Epidaurus is 20 miles (32 km) east of Nafplio, and about 40 miles (62 km) due southwest from Athens. Although it is now best-known for the perfect acoustics of its famous 15,000-seat theater, the theater is there because of the Sanctuary of Asclepius, which was Greece's most famous healing center during antiquity, dating from at least 600 BC. About two hundred years later the theatre was built, where music contests and plays were held. The theatre is a testament to the large number of visitors who would come to Epidaurus for healing at the same time. A number of other buildings were constructed to house the pilgrims.
The location is said to be Asclepius' birth place. Although Homer says that he was a mortal, later myth made Asclepius into the son of Apollo, the sun god. The legend is that Asclepius was the child of Apollo and the daughter of the king of Orchomenes.
The locale is named after Epidaurus, who, Homer says, was a local ruler who took part in the Trojan war. Under his charge were two generals, Podaliro and Machaon, sons of Asclepius. In the 6th century a cult dedicated to Apollo was established there. Excavations have uncovered a sanctuary from hundreds of years before that, during the Mycenaean era.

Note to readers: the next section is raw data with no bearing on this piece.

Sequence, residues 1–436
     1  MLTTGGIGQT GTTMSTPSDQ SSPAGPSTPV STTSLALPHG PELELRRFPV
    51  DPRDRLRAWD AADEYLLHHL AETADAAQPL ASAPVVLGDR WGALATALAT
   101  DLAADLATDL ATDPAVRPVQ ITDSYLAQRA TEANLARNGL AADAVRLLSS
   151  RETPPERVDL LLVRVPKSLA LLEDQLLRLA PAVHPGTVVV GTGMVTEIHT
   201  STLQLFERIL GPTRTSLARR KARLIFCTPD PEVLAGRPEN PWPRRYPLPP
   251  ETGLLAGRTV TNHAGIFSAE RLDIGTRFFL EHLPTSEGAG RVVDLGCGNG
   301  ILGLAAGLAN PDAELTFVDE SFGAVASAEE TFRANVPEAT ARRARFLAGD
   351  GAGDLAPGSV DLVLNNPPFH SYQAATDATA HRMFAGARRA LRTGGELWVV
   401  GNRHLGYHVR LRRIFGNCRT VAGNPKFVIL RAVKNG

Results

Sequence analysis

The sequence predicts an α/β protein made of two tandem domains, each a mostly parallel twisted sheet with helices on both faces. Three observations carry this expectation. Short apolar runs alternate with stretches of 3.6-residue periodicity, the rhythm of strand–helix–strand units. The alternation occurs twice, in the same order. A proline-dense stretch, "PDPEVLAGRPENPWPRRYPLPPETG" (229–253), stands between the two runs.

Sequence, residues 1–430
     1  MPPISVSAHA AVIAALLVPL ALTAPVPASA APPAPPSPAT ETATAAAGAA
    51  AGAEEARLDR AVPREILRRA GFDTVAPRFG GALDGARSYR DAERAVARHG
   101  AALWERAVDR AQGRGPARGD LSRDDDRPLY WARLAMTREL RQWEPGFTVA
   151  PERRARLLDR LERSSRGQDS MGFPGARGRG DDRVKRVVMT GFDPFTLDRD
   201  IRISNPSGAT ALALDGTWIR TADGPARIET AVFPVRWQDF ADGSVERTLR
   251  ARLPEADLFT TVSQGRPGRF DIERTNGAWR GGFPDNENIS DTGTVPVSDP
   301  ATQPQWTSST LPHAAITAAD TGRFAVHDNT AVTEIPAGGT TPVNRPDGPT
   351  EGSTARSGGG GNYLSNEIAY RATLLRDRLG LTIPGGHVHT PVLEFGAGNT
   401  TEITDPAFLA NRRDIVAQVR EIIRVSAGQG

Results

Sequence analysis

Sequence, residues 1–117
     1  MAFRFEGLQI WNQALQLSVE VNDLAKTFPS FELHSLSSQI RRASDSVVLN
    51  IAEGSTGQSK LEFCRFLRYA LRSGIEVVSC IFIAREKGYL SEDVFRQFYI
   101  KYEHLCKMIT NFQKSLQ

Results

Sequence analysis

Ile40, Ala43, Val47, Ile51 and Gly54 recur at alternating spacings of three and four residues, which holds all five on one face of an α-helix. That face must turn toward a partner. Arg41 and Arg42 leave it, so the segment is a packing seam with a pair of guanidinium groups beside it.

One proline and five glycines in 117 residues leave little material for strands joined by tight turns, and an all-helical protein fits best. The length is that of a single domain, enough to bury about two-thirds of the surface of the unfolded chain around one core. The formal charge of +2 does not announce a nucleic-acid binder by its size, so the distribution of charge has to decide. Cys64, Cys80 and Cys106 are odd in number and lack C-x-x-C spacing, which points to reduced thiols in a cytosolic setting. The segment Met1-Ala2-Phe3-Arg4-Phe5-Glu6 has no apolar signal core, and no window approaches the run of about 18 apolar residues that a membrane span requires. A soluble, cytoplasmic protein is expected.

Pilgrims seeking healing would converge here from all over Greece, leaving a gift for the gods of healing, Apollo, Asclepius, and Hygeia ("hygeia" is still the Greek word for "health."). The gift was usually a clay model of the body part that needed attention. The museum there displays hundreds of these clay body parts. Then the visitor would sleep in one of the rooms of the katagogeion (patients' dormitory), and hope for a visit from one of the gods.
Epidaurus' is sited in a small valley surrounded by higher hills. Overlooking the entire complex, at an elevation of 1400 feet (430m) was the sanctuary of Apollo Maleatas. About 200 feet (70m) lower is the theater, which is a masterpiece of Greek amphitheatre architecture designed by Polycletes the Younger of Argos. Not much lower than the theatre was the Sanctuary of Asclepius and a number of other buildings including a gymnasium, baths, a stadium and the katagogeion.
By the 5th century games were being held there every four years, which is when the stadium was built. Epidaurus reached its peak during the 4th century. The site was pillaged by the Roman general Sulla in 87 BC, but it still operated as a healing center. The famous Greek travel writer Pausanias writes about Epidaurus around 150 AD.
Epidaurus, when large numbers of tourists are absent, is a quiet place, with the feeling of being somewhat in the middle of nowhere, despite being not more than a couple days' journey from Athens.
Epidaurus is a UNESCO World Heritage site.